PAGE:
Digging Deep in Silicon Valley: Learning the Business of the Valley through a Delphix Internship
Written by Andrew H. Li (Dartmouth '15, Delphix Intern, Summer 2014)
Sharpen fast and widen the moat. That's Delphix shorthand for what Warren Buffett calls "build enduring competitive advantage."  It's how Delphix, a company located in the heart of Silicon Valley, continues to double revenue each year, and it's also why companies like Facebook and eBay buy our software to help them develop applications faster than they could before.
"Why was WhatsApp valued at $16 billion and Viber at only $1 billion?" asked Omer, my manager, on the first day of my internship, referring to the two messaging services acquired in early 2014. One key reason: time to market. WhatsApp was first in the game, had 150 million more users at time of sale, and dominated market share in more countries. In neck-to-neck competition with execution held constant, if the key to success in the restaurant industry is location, then the key in application development is time to market.
As an intern in the Business Technology Consulting (BTC) group, I learn business fundamentals and the structure of Delphix's technology in order to resolve challenges that emerge in the sales cycle and in other segments of the company. My group finished a Harvard Business Review book on business cases on our first day, a book about bottlenecks in IT over the next few days, and a bottle of scotch an ROI model for a prospective client by the end of the first week. The experience has been like going to business school, except that you get paid to do it.
After five years, and at 230 employees, Delphix is a mature "started-up." It's not the proverbial ramen-profitable venture with air mattresses in the corner for developers to work in shifts, but the lean startup ethos remains. Paul Graham writes that startups empower you to reap the rewards of "working at a low intensity for forty years" by "work[ing] as hard as you possibly can for four," a phenomenon especially possible in the technology sector.  At Delphix, there is hardly any bureaucracy, no downtime except for the self-imposed, and good ideas generally rise to the top.  Above the minimum, the pace is self-motivated, and you can go as fast as you want.
Omer, BTC's manager and primary mentor, supports our individual interests and works to connect us with others in the company. In my eight weeks so far, I've modeled and evaluated five-year financing scenarios for the Corporate Controller, analyzed our accounts for the VP of Sales Operations, worked to optimize Delphix's pricing model for scalability, researched business goals and drafted ROI models for a variety of companies, and learned Excel VBA in the process.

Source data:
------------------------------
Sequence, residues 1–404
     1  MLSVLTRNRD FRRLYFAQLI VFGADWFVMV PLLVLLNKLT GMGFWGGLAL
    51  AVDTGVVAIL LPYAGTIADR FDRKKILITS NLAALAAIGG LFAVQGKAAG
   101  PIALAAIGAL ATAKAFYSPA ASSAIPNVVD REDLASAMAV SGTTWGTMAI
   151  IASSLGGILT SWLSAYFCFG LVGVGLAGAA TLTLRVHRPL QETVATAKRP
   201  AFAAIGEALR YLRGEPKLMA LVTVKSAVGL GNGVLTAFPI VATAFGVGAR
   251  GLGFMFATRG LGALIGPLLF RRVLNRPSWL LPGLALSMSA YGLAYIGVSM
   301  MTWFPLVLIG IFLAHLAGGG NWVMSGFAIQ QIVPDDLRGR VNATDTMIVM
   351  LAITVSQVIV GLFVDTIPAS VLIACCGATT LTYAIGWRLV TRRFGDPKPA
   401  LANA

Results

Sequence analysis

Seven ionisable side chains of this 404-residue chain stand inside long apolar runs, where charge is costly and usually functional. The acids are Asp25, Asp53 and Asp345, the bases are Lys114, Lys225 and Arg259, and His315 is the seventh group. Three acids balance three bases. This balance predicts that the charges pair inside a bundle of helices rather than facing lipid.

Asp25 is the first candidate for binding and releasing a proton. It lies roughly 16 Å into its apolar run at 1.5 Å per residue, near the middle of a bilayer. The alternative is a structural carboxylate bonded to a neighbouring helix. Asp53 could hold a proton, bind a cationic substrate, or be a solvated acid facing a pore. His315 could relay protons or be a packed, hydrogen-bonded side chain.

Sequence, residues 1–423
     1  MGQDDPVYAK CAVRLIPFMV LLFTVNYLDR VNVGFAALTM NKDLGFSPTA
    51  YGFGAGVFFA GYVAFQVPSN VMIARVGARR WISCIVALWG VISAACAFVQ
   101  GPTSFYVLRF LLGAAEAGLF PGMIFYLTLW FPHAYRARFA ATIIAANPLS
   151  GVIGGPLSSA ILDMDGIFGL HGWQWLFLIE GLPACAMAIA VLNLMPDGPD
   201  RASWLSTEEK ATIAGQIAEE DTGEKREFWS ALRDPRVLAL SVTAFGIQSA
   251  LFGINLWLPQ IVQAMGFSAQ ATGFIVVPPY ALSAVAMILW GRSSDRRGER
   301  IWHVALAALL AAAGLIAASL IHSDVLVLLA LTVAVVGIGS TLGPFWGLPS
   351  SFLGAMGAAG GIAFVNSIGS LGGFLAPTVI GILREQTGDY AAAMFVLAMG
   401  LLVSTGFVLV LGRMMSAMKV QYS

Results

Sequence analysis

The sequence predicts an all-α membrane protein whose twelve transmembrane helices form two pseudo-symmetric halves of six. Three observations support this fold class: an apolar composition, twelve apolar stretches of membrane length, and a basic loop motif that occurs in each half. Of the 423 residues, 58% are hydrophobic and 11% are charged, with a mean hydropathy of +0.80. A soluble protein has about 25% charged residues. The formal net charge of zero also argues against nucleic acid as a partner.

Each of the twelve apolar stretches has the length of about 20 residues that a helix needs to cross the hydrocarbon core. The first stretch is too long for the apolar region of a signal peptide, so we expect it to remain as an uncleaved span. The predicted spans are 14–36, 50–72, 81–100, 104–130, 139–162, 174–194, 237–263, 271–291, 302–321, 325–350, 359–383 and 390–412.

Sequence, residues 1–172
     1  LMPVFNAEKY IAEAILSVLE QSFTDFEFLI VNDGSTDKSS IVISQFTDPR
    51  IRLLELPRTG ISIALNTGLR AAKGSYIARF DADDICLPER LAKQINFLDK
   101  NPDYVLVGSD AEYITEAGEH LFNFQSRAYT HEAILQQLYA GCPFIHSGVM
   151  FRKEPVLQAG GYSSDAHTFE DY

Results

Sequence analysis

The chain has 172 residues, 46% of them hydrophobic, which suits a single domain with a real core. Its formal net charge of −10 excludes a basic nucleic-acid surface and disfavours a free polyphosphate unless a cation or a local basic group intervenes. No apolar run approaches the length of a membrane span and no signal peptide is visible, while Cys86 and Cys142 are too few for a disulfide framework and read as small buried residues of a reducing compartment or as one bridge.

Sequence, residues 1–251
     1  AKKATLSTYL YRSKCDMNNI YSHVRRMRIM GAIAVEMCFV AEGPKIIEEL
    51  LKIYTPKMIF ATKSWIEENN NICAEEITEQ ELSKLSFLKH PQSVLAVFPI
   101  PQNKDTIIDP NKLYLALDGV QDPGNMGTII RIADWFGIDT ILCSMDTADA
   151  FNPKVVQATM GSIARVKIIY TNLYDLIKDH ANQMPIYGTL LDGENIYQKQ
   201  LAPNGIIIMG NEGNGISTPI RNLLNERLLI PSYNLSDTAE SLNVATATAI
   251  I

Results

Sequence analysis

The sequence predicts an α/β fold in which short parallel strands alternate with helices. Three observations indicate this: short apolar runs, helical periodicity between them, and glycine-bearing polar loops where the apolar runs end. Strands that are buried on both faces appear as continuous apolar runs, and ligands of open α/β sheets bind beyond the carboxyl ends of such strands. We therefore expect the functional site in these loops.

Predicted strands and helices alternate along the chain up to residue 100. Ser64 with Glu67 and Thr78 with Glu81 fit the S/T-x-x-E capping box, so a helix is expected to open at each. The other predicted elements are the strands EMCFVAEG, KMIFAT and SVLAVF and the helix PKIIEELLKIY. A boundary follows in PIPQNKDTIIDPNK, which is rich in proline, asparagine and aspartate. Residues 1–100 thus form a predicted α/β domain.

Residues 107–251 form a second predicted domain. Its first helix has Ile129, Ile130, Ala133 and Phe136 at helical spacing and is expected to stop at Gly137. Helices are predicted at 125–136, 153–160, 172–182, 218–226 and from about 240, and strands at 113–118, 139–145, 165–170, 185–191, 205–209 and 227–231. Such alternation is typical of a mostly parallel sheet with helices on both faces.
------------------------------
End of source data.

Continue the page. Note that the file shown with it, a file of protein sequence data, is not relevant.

At the end of every week, the BTC group sits down with Jed, our CEO, to discuss our work. The feedback is instantaneous. Perhaps the value proposition for a prospective client should be clearer, perhaps an ROI figure needs more support, or perhaps a piece of work is good-on-delivery. Several times, Jed talked with CIOs of global companies on discovery calls. In all cases, he shares his business acumen gained from selling one startup and founding another.
Jed values building a creative, collaborative culture, a factor validated by the internship experience so far. From Giants games in San Francisco, to a BTC golf outing, to tech talks explaining concepts such as Puppet strings and Chef recipes, Delphix places a premium on strengthening the team. At Delphix, working with a smart, motivated team has pushed me to prioritize and work quickly to complete objectives.
Going back to Dartmouth for my senior year in a mere five weeks, I've gained a refined idea of how business is conducted in Silicon Valley and how emerging technologies help businesses. The experience has opened my eyes to the deep well of resources available. $534 billion was made In the Bay Area in 2013, with 7% growth over 2012.  To use these resources to solve pressing challenges, how fast will you sharpen?
 Warren Buffett, Memo to Berkshire Hathaway Managers
 Paul Graham, How to Make Wealth
 Delphix's FY15 Q2 survey: large majority of employees agree that the "right people are rewarded and recognized," that Delphix encourages innovation even if some initiatives may not succeed, and that Delphix "act[s] on promising new or innovative ideas."
 US Dept. of Commerce - Bureau of Economic Analysis, San Francisco Metro. Area: $360.4 billion GDP, San Jose Metro. Area: $173.9 billion GDP